There's also incentive to save potential blockbusters for the end of a console's life cycle, Cole said, when there's a big and fairly predictable installed base of potential buyers to sell to.
"The systems are at a point in the life cycle where you have a locked-in consumer base that knows what they want, which publishers like," he said. "You don't see a lot of publishers taking huge risks at this point as far as introducing new brands or new styles of gameplay. They're taking known successes and squeezing more money out of them."
That means sequel city, and the grand poobah of "Revenge of" releases this year is likely to be Halo 2. Microsoft announced recently that retailers have already rung up more than 1.5 million advance orders for Halo 2, prompting the company to boast that it expects to beat box-office hits such as Spider-Man 2 in launch-day revenue.
The original Halo was one of the biggest drivers for initial Xbox sales. Shane Kim, general manager of Microsoft Game Studios, expects the follow-up, which will introduce multiplayer online gaming to the series, to have a similarly galvanizing effect on Xbox Live, Microsoft's online gaming service.
"I believe it's going to drive an awful lot of Xbox Live subscriptions," Kim said. "It's a great showcase title in terms of...exploiting the underlying power of the Xbox and Xbox Live and really showing people what's possible."
Halo 2 will also help Microsoft tee up the ball for the next version of the Xbox, expected late next year. "It's going to help us a ton in this generation, and it establishes a lot of credibility for the next generation," Kim said. "It's really important for us to drive these kind of franchises. Halo is something people are going to want to have a long-term relationship with."
Nintendo is equally optimistic the portable DS will stand out in a crowded holiday market. Perrin Kaplan, vice president of marketing for Nintendo of America, noted the DS will arrive in the United States two weeks before it goes on sale in Nintendo's home base of Japan, a first for a Nintendo gadget.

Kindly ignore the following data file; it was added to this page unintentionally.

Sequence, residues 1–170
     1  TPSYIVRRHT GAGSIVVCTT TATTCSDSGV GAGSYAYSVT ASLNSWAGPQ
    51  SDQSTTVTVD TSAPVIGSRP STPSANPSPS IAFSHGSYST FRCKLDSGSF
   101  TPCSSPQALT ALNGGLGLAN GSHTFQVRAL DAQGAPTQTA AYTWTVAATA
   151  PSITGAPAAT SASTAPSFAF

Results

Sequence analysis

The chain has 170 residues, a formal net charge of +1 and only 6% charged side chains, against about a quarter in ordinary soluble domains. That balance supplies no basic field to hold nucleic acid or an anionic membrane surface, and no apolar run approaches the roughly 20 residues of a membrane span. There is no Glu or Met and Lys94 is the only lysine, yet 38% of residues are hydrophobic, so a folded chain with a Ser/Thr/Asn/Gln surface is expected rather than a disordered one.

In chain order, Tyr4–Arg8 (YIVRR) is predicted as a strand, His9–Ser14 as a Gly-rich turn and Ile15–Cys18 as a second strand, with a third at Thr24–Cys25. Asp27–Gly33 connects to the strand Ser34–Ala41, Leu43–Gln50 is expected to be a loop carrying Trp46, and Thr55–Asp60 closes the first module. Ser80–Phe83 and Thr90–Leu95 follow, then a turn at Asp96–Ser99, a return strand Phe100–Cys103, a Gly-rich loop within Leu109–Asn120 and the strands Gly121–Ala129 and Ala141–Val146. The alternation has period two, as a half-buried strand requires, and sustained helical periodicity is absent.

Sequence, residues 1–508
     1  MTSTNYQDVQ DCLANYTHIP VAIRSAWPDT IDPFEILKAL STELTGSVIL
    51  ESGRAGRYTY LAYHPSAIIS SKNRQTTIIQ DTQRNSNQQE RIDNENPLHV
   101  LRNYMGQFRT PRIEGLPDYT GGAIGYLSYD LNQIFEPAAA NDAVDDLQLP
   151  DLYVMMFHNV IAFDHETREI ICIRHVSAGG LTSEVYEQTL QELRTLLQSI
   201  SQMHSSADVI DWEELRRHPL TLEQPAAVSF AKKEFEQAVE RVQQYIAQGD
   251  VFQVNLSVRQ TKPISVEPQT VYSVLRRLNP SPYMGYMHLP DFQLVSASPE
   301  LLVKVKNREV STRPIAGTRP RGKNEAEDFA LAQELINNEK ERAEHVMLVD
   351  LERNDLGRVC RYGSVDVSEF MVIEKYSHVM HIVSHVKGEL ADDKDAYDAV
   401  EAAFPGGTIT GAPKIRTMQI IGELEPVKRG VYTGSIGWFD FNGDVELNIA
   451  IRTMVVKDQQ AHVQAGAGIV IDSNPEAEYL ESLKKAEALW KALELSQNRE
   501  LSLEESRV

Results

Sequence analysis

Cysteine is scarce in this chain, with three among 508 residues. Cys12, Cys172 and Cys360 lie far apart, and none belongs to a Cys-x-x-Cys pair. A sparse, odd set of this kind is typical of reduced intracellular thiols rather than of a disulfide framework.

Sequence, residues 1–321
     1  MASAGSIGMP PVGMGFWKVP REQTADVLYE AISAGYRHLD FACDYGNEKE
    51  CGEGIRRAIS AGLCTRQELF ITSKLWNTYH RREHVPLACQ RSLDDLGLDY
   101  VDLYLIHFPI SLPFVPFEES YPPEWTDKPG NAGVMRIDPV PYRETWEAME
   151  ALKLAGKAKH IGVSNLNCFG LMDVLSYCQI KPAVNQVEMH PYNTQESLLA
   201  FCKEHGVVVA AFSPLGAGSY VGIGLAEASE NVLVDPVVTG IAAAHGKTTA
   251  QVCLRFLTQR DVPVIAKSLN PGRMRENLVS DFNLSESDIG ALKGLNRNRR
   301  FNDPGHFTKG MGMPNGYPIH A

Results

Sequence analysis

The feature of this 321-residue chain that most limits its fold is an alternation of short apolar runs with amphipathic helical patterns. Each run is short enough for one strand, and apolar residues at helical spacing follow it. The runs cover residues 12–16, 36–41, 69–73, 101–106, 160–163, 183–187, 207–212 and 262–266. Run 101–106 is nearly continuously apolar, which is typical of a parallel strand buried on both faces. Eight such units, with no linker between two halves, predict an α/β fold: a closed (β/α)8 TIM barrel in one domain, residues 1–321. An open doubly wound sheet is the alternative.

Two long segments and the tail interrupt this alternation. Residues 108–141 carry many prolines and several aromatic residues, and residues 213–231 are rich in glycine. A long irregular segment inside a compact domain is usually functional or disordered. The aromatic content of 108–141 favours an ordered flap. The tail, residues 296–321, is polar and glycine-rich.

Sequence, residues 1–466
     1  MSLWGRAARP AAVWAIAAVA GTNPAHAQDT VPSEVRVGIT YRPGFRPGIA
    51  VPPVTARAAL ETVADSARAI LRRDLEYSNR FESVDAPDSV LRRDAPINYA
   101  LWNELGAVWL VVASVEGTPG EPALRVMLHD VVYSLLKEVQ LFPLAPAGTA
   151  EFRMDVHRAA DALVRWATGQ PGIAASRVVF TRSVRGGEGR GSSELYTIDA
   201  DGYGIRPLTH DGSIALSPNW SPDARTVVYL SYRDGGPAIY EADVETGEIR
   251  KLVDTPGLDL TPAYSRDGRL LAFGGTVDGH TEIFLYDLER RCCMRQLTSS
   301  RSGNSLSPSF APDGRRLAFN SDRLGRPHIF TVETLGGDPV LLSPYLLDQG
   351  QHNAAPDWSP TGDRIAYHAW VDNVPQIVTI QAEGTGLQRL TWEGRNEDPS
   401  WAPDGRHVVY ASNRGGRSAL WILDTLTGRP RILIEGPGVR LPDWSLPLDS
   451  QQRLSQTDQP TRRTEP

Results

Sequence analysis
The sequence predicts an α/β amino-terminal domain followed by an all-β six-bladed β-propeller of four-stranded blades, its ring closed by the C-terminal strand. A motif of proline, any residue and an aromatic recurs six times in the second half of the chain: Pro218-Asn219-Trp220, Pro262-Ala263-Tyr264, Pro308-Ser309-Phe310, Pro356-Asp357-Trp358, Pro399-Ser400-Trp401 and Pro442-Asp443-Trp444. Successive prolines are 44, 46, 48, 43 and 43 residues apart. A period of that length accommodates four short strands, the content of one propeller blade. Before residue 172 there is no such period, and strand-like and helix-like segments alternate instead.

"We wanted to make sure we get that Thanksgiving buying activity," she said, speculating that Nintendo's biggest challenge will be keeping store shelves full. "We're pretty sure we're going to be shipping product as fast as we can."
To make sure there's nothing left to chance, Nintendo is supporting the DS with a $40 million marketing campaign that will include flocks of promotional workers descending on urban areas with demonstration units.
"It's the kind of product you need to touch and feel and really try out--that's going to be the core of our marketing campaign," she said.
Cole said Nintendo should have a fairly easy job leveraging its huge Game Boy Advance base to sell the DS. And the company doesn't have to worry for a while about Sony's competing PlayStation portable, set for release early next year at a price and date to be determined.
"I don't think many consumers think that far ahead with their discretionary spending," Cole said. "Most consumers aren't even aware there is such as thing as the PSP. Until the big marketing dollars hit, it's still Nintendo's game."